- Cobra II by Michael Gordon and Genl. Bernard Trainor. Riveting in an extraordinarily disheartening way.
- Metamorphoses by Mary Zimmerman, based on Ovid's extraordinary work, of the same name. "Metamorphoses" will open ART's upcoming season. Very excited.
- Ovid's Metamorphoses translated by Arthur Golding, 1567. It's a bit of a slog, Golding really isn't all that he's cracked up to be, especially after having read and loved more modern translations already. But it's the undisputed source for Shakespeare, Milton, Blake, etc., so it's worthwhile.
- Middlesex by Jeffrey Eugenides. Absolutely brilliant, cannot put it down. Dreaming of Smyrna now.
- Postwar by Tony Judt. Earlier I raved about The Cold War by John Lewis Gaddis. Thought it was insightful and concise, if perhaps too cursory. Shortly thereafter I read a review of the book by Tony Judt, which absolutely demolished Gaddis' lackadaisical approach. So I picked up Judt's somewhat competing book. And he's not holding back, he's showing you how it's done, he's following up on sources and taking a broad view of every decade, and it's remarkably well done. Much more authoritative, much more thought out.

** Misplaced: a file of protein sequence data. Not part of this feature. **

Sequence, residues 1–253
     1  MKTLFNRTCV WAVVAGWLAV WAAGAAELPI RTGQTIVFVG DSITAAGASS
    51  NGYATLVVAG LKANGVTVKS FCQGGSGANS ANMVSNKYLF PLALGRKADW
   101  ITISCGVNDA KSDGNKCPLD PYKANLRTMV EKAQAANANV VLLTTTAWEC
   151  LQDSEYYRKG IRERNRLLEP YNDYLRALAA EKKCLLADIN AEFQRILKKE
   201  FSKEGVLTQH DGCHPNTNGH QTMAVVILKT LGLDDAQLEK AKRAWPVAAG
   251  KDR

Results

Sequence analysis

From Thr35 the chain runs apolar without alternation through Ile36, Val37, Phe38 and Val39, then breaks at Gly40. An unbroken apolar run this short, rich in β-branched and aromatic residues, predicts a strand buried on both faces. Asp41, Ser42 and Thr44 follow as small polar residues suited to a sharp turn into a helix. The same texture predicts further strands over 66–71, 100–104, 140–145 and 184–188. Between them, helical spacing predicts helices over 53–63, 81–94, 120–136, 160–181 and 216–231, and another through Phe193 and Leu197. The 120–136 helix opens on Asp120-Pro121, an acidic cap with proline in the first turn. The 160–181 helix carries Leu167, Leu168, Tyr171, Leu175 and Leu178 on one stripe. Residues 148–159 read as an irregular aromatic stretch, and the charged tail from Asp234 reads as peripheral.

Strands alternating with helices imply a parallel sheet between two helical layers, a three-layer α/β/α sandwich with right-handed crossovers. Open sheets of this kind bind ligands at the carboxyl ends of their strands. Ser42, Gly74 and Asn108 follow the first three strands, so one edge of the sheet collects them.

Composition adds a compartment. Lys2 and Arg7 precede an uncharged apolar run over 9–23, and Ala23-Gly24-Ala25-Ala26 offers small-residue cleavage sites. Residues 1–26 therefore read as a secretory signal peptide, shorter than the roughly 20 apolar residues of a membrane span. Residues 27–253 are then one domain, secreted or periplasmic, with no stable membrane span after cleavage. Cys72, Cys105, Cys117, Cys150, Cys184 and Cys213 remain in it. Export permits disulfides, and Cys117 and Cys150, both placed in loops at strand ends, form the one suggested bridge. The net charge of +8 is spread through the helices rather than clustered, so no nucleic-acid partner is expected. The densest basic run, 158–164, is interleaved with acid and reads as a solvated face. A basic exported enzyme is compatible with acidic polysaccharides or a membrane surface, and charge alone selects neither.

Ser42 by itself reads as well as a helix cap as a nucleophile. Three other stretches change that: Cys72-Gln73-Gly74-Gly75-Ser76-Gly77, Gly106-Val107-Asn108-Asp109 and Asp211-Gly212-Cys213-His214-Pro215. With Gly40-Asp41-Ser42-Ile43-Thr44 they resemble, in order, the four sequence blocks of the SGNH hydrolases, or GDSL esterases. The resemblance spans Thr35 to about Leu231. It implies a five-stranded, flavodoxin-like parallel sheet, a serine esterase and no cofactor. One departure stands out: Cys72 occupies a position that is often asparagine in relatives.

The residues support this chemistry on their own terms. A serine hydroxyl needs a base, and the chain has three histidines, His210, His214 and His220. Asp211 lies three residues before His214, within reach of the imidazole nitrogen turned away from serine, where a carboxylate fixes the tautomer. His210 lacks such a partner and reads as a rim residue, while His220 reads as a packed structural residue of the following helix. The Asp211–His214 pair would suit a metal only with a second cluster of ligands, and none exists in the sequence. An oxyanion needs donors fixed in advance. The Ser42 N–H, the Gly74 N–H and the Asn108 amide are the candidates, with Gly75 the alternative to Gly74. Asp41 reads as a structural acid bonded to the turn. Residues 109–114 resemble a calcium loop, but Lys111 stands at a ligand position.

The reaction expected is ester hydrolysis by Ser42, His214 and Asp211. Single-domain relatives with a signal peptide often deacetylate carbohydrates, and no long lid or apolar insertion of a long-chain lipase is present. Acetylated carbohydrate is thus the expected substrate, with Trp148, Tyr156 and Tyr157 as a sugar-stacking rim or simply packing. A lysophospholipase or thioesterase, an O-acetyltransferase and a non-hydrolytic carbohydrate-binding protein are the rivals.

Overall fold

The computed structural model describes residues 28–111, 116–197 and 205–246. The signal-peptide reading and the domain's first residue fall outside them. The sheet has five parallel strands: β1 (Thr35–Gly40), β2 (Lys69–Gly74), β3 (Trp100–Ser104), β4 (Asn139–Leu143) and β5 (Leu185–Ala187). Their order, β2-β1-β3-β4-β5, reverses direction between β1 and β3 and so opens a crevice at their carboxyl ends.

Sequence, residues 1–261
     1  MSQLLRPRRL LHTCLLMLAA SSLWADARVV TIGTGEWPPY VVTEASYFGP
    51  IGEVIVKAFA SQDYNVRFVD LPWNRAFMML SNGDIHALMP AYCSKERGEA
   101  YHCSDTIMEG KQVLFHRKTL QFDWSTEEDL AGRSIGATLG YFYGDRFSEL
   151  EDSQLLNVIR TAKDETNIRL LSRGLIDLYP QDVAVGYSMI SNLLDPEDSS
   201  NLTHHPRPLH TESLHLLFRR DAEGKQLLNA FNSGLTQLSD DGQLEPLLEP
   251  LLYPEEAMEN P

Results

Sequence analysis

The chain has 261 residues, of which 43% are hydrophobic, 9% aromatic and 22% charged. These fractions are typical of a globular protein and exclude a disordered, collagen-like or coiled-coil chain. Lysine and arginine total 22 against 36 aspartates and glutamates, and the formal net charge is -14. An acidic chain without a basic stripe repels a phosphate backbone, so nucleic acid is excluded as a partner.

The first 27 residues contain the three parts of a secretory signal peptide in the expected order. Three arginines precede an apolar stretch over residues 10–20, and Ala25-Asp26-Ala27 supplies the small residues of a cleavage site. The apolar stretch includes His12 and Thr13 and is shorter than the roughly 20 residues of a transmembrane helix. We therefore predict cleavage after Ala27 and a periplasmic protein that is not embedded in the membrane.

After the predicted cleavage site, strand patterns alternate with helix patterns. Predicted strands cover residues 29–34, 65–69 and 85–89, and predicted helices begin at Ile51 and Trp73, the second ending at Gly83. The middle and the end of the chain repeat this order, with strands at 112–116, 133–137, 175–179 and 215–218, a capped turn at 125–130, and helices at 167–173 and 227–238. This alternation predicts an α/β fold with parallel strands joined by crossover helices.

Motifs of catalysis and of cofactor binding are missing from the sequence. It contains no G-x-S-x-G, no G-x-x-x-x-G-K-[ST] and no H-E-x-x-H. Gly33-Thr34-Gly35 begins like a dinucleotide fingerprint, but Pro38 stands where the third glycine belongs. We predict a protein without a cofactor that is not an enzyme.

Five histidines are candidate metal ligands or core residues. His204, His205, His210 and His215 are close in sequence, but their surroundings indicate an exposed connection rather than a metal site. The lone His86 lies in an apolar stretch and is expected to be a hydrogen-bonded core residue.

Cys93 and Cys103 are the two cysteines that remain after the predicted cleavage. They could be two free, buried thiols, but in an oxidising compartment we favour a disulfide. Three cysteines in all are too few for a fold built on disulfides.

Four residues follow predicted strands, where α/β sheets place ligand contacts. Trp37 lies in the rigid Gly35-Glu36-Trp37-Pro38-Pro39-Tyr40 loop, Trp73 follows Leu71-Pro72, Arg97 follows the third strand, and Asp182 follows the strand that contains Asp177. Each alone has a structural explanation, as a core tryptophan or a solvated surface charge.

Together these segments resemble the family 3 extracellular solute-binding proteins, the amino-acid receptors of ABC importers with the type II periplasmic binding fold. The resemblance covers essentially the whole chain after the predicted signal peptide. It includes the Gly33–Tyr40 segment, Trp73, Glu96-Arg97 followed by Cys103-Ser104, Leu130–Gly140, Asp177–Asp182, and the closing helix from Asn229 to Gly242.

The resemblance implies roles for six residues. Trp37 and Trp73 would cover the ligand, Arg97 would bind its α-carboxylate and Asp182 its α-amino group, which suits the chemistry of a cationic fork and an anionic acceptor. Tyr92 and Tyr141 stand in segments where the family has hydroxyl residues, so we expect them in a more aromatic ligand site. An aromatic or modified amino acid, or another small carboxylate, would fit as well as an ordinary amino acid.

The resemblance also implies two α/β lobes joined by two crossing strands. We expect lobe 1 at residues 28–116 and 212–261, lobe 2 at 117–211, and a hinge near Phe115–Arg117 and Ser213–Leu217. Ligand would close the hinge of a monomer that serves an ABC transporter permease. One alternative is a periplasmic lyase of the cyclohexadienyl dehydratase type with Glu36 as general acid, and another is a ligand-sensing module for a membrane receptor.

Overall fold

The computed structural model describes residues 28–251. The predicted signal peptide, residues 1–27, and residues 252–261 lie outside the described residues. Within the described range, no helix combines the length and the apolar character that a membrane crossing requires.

- I'm working on a recording of 1 Henry IV, for which I rely on nothing so much as the excellent annotations of the Arden editions.
- My World-Traveling Housemate recommended Robin McKinley's The Blue Sword, and I'm only slowly growing an attachment to it. Perhaps there's altogether too much derring-do on my reading list already.
- I love everything Hellboy.